By Surojit Gupta and Missy Ryan
WASHINGTON/NEW /DELHI - U.S. and European negotiators are working to bridge differences over agriculture in world trade talks, but a wide rift remains between Washington and developing world leader India, trade analysts said on Wednesday.
India, along with other developing nations like Brazil, has emerged as a foil to the United States' and Europe's economic sway in the Doha Round, demanding rich nations curtail generous farm subsidies as it guards its own agriculture supports.
"India remains very wedded to the G33 proposal on special products and (special safeguard mechanisms) -- both of which the U.S. finds unacceptable," said Charlotte Hebebrand, president of the International Food and Agricultural Trade Policy Council, a Washington-based advocacy network.
Like developing world peers whose economies are fueled largely by farming, India is angling to shelter about 20 percent of tariff lines from the full force of duty cuts, and to keep safeguards blocking some imports if a glut hits.
Indian policymakers say those measures are needed to protect the "livelihood security" for 650 million farmers. But Washington wants to whittle the number of special products countries like India can protect to a handful, saying the exemptions will shut out virtually all U.S. goods.
These sharp differences among major players have cast doubt on how quickly negotiators can find a palatable deal for the round, which collapsed in July 2006 over the farm issue.
Yet in recent weeks, Brussels and Washington have restarted efforts toward brokering a deal. This week, about 30 trade ministers meet at a high-level summit in Davos, Switzerland.
India has little political leeway to make concessions on these delicate issues, said analysts like Nagesh Kumar, director-general of Research and Information Systems, a trade and developmental think tank in New Delhi.
India is committed to liberalizing trade, he said. "At the same time, we need some flexibility on market access."
Farming Pivotal to Developing World
Last week, World Trade Organization Director-General Pascal Lamy visited India to drum up support for Doha. There, he met Prime Minister Manmohan Singh and Kamal Nath, its commerce minister. "We can negotiate commerce, but we cannot negotiate subsistence" is Nath's oft-heard refrain.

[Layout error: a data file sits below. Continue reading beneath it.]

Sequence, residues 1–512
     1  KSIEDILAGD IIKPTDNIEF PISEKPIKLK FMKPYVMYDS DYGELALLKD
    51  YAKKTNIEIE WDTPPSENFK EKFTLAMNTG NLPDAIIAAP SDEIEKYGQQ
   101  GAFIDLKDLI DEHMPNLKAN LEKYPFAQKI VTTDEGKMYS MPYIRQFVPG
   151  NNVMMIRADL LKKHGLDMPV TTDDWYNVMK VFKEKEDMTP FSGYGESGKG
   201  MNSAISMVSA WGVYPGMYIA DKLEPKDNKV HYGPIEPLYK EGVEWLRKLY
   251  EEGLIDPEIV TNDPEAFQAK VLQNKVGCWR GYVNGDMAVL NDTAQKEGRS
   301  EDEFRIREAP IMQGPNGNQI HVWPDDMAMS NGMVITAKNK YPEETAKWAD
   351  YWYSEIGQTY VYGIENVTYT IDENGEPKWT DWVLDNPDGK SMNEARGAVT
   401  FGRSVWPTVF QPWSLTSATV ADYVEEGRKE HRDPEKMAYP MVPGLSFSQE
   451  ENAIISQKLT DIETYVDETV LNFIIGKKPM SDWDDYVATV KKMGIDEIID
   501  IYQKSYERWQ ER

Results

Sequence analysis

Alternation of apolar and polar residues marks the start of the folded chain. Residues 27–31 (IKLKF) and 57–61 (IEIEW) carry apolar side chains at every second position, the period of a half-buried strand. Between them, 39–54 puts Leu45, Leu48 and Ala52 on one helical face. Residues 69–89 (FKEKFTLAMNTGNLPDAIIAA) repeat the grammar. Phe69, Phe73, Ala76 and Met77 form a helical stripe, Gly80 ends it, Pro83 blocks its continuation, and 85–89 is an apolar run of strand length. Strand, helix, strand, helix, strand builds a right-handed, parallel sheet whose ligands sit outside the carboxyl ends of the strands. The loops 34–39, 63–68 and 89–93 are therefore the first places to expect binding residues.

Sandra Polaski, a trade expert at the Carnegie Endowment for International Peace, a Washington think tank, said agriculture is the do-or-die issue for countries like India.
"What happens to agriculture determines what happens to India, and certainly to the poor in India," she said.
The G33 countries, where up to 80 percent of the workforce makes a living from farming, stand to gain more than other nations from a favorable Doha deal, she said. But those same farmers are vulnerable to being undercut by subsidized imports and are ill-equipped to compete in world markets.
Negotiators in Washington, for their part, are doubtful about how deep India's Doha desires really run. U.S. Agriculture Secretary Mike Johanns pushed Nath on special products, to no avail, when he visited India in November. He called India's stance a "big hang-up" in the round.
One former negotiator, who asked to remain unnamed, said India may even prefer to eschew deeper trade. Possibly, "they would prefer autarky," he said.
Doha is further complicated by the U.S. political calendar. In July, the Bush administration's trade negotiating powers, which allow it to broker deals that go to an expedited vote in Congress, run out, followed by an end a few month later to the current farm bill, which sets subsidy levels.